If you see any pus remaining once this is removed, then we’d need cleanse and flush the area with an antiseptic (ie chlorohexidine, betadine). Afterwards, we’ll dry the area and pack the lesion with a topical antibiotic cream before re-bandaging. We will want to change these bandages daily until there is only healthy pink tissue to see. This can take up to 2 weeks and of course during that time she needs to be isolated in a warm, deeply bedded (with soft bedding like towels) hospitalization pen.

All the best and happy holidays,

Dr. B.

-----------------------------------------------------------------------------------------------------------------

If you have any other questions, please ask me – I’ll be happy to respond. Please remember to rate my service once you have all the information you need as this is how I am credited for assisting you today. Thank you! : )

Customer: replied 1 year ago.
Did you get my pictures
Expert:  Dr. B. replied 1 year ago.

Hi again,

I certainly did (which is why I noted what it looked like and my concerns about that toe). Just in case you are not seeing my reply from when you replied to me, I will repost it here -Dr. B.-->

Based on your photos, I would be very concerned that we have a case of bumblefoot in this lass. This is a very stubborn infection in an area with poor blood circulation, so it can be difficult to treat. Especially when it progresses to a point where it is affecting the toe circulation as it is here.

Now in regards ***** ***** we do often put these chickens on broad-spectrum antibiotics (ie Penicillin G, Erythromycin, Lincomycin, etc) to start. Still, when we have severe lesions like this, we also will treat at the problem site.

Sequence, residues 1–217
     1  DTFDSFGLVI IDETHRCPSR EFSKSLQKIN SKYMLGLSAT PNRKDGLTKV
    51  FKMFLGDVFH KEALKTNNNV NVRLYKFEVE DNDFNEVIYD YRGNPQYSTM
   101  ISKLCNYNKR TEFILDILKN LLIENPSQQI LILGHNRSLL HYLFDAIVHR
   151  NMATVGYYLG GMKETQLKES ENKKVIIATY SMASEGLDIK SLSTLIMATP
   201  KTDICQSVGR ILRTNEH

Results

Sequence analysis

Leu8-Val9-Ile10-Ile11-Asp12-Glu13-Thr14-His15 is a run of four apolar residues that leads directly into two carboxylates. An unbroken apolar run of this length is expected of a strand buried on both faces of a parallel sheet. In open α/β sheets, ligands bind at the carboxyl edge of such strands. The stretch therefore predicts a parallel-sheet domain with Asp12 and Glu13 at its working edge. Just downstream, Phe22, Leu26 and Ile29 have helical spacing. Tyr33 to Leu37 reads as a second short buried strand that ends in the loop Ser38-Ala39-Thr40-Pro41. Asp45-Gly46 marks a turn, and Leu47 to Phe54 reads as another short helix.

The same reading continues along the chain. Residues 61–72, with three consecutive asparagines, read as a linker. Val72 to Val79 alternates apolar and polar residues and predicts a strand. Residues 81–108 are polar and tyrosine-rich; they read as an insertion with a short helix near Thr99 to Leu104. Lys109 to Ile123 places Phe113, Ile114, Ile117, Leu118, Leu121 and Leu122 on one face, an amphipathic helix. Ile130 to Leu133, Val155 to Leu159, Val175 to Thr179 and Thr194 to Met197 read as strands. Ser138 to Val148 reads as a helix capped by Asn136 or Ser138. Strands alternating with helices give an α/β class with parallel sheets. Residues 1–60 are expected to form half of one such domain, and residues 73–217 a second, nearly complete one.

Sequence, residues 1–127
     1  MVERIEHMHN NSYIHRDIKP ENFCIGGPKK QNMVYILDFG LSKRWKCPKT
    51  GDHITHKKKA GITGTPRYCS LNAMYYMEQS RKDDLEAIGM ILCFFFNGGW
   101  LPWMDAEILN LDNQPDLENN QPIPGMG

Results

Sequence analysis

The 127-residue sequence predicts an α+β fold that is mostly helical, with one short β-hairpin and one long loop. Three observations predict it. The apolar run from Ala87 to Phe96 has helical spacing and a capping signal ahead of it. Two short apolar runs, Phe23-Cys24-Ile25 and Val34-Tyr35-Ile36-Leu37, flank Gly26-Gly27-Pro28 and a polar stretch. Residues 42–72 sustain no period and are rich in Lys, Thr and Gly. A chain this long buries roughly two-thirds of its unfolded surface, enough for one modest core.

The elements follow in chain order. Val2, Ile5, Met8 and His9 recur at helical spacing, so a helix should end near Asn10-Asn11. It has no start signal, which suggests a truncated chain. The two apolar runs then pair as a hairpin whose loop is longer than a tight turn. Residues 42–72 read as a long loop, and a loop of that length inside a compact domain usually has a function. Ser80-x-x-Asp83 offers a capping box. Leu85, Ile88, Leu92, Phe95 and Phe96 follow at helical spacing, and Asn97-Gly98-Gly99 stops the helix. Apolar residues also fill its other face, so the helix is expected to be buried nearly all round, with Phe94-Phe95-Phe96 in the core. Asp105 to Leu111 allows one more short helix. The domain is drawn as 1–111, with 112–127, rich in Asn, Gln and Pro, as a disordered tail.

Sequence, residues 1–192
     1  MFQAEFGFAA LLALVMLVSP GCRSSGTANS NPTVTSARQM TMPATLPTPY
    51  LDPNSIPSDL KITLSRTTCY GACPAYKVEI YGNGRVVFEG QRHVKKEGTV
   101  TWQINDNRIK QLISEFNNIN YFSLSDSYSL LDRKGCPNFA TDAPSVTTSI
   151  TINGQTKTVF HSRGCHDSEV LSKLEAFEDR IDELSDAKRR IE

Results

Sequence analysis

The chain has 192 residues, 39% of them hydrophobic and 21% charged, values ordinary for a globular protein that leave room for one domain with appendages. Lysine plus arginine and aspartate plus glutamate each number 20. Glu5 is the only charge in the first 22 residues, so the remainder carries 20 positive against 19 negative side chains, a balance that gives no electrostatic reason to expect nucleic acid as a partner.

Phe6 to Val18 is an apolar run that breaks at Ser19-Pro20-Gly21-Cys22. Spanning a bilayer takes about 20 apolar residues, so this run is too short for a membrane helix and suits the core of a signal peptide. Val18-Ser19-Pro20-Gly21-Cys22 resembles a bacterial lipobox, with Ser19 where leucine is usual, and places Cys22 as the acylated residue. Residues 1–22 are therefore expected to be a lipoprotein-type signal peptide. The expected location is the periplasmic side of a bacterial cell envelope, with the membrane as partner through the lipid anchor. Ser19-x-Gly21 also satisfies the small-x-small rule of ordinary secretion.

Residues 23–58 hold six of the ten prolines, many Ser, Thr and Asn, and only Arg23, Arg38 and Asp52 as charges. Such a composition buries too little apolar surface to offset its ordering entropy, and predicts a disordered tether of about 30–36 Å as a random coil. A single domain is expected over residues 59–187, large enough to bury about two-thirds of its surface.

To do so, we would want to start soaking the lesion with an antiseptic (ideally Bactine). We’d want to apply Bactine soaked gauze to the bottom of the foot (to the affected area only). If there is a scab anywhere on this swollen tissue, we’d want to peel it away, express any pus we can, and scrub the area with antibacterial soap before applying the gauze. If we don’t have a scab, then sometimes we will need their vet to sedate them to open the tissue and drain the infection.

Once we have the soaked gauze in place, we’d then wrap the area with bandage material and leave this for an 1-1.5 hours. After soaking, you will be able to remove some of the compromised tissue. To do so, you can use a sterile scalpel blade and gently scrape away the infected mass, starting at the edges and working around the lesion until we can remove the core of infection. If the infected tissue goes very deep, then we may remove quite a deficit of tissue. When you've loosened all the edges of this infected tissue (with only the deepest attachment remaining), you can then grab this with sterile forceps and with a gentle twisting action, slowly but firmly pulling the whole thing out. If you haven’t done this before, you may want to have your local vet show you how to do so effectively and safely.

If you see any pus remaining once this is removed, then we’d need cleanse and flush the area with an antiseptic (ie chlorohexidine, betadine). Afterwards, we’ll dry the area and pack the lesion with a topical antibiotic cream before re-bandaging. We will want to change these bandages daily until there is only healthy pink tissue to see. This can take up to 2 weeks and of course during that time she needs to be isolated in a warm, deeply bedded (with soft bedding like towels) hospitalization pen.

All the best and happy holidays,

Dr. B.

-----------------------------------------------------------------------------------------------------------------

If you have any other questions, please ask me – I’ll be happy to respond. Please remember to rate my service once you have all the information you need as this is how I am credited for assisting you today. Thank you! : )